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Year : 2015  |  Volume : 28  |  Issue : 2  |  Page : 282-288

Clinical aspects of the haemostasis-inflammation interface

Department of Internal medicine, Al-Mahallah al-Kubra Hospital, Menoufia University, Menoufia Governorate, Egypt

Correspondence Address:
Wael R Abu-Sabala
Al-Mahallah al-Kubra, Bolkina 31951
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Source of Support: None, Conflict of Interest: None

DOI: 10.4103/1110-2098.163865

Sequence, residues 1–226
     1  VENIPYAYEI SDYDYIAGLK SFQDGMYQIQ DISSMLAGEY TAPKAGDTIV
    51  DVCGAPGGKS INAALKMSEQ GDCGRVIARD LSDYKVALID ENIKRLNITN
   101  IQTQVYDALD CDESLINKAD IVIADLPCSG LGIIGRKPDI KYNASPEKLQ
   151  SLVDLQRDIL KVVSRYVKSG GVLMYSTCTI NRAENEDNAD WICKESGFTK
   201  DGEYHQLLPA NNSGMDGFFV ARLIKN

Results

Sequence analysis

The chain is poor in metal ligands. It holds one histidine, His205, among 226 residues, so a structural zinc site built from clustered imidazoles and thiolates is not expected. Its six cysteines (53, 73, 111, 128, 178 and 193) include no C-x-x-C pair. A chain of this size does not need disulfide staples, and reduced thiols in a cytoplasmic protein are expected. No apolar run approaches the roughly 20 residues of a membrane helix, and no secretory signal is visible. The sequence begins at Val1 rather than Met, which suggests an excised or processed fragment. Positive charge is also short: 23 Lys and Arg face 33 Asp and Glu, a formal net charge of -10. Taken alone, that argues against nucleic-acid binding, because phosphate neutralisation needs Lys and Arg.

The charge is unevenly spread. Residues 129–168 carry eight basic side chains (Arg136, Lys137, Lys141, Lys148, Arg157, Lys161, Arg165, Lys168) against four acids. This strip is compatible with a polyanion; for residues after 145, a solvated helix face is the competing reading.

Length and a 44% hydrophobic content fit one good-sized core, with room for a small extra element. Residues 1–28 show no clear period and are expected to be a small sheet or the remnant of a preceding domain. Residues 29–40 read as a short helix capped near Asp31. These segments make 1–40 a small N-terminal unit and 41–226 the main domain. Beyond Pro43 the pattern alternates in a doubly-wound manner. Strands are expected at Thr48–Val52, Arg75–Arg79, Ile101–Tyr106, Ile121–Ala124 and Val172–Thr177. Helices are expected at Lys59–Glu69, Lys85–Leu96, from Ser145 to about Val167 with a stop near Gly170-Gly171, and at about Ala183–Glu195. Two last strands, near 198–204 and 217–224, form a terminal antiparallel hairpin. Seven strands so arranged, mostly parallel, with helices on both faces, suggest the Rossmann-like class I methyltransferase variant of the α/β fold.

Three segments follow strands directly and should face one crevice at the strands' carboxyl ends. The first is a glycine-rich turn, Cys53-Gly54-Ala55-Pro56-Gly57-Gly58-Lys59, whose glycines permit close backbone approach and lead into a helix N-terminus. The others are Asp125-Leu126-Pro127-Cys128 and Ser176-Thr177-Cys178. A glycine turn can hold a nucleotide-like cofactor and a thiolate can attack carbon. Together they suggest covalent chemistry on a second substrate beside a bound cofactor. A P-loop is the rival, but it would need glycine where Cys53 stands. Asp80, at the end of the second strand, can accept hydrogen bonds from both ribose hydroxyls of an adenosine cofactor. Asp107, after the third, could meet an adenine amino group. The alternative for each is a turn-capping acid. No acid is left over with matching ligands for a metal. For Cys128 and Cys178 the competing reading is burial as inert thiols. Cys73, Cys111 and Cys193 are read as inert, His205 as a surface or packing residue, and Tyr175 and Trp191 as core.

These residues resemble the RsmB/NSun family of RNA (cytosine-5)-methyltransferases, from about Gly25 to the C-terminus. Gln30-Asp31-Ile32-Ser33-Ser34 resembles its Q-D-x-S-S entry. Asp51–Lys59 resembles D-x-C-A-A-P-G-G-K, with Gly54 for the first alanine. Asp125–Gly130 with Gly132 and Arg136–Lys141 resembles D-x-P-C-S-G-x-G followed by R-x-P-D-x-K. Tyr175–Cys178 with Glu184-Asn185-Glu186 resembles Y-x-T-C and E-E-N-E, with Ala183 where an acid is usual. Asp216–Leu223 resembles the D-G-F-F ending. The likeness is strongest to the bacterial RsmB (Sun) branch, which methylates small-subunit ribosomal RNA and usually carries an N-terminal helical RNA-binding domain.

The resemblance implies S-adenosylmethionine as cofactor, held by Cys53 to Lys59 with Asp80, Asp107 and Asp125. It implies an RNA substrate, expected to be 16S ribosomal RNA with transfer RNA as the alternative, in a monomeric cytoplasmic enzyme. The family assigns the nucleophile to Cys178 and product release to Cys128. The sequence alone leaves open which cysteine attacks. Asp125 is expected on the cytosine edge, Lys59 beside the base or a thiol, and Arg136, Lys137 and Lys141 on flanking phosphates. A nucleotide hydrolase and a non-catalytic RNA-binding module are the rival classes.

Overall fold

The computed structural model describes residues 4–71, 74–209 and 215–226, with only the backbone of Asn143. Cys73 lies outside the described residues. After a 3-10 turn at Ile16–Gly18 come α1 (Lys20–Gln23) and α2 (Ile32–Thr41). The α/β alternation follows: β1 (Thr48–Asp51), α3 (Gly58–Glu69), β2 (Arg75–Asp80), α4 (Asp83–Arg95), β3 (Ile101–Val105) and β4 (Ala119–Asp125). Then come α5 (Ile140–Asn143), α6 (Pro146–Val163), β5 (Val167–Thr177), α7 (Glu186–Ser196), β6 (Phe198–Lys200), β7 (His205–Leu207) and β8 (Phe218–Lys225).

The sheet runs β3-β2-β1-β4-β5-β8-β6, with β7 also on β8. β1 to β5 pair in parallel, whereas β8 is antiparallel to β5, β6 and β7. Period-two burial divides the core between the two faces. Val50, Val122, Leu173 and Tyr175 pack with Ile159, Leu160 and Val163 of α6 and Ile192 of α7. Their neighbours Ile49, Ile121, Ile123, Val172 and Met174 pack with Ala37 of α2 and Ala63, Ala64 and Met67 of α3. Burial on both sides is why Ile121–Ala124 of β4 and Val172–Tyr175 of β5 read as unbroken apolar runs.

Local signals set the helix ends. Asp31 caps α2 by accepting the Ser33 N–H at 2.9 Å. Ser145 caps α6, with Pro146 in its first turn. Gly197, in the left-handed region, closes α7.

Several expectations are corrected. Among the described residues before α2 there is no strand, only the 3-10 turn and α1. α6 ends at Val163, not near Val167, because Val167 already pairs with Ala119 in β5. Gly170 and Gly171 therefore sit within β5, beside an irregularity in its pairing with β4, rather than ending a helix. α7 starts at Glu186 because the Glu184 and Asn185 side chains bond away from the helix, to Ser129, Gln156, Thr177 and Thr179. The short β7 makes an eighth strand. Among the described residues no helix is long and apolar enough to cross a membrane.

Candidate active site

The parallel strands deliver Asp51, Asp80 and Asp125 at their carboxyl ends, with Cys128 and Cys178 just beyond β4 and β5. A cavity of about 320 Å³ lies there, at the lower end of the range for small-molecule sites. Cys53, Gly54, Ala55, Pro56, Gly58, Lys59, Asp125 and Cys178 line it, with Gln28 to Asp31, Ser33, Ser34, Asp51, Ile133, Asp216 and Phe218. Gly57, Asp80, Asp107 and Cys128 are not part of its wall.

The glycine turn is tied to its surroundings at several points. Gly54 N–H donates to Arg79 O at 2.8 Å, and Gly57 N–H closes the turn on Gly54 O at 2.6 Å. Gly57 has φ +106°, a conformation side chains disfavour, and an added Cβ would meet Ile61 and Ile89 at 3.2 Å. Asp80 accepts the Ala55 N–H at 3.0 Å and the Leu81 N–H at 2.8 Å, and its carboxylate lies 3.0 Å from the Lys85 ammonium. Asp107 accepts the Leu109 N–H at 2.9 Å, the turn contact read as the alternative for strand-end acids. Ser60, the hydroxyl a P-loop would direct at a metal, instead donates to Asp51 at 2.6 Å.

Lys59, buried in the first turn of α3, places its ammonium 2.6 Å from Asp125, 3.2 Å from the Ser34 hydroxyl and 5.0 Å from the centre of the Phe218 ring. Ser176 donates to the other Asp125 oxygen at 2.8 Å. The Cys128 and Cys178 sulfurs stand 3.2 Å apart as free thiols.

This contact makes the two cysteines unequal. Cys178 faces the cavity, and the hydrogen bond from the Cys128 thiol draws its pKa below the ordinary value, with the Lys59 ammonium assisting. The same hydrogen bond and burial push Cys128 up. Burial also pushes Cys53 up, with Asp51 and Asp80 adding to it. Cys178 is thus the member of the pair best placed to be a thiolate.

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Objective The aim of the study was to evaluate the clinical aspects of the haemostasis and inflammation interface. Data sources Data sources were medical text books, medical journals and medical websites that have updated research with keywords (haemostasis and inflammation) in the title of the paper. Study selection Systematic reviews that addressed haemostasis and inflammation and the role of haemostasis and inflammation in clinical studies were included. Data extraction A special search was performed in MEDLINE with keywords (haemostasis and inflammation) in the title of the papers; extraction was performed, including assessment of the quality and validity of the papers that met the prior criteria that describe haemostasis and inflammation and their role in clinical studies. Data synthesis It included the main result of the review. Each study was reviewed independently; the obtained data were rebuilt in a new language according to the need of the researcher and arranged in topics through the article. Conclusion Improved understanding of the molecular mechanisms that play a role in the bidirectional relationship between inflammation and haemostasis could help in the clinical management of patients by identifying new potential therapeutic targets that can modify excessive and inappropriate activation or deregulation of both systems. On the basis of experimental and clinical studies, it is likely that simultaneous modulation of both inflammatory and haemostatic activities, rather than specific therapy aimed at only one component, could be more successful in the treatment of clinical states and diseases in which a close link between inflammation and haemostasis considerably contributes to the pathogenesis or progression of the disease.

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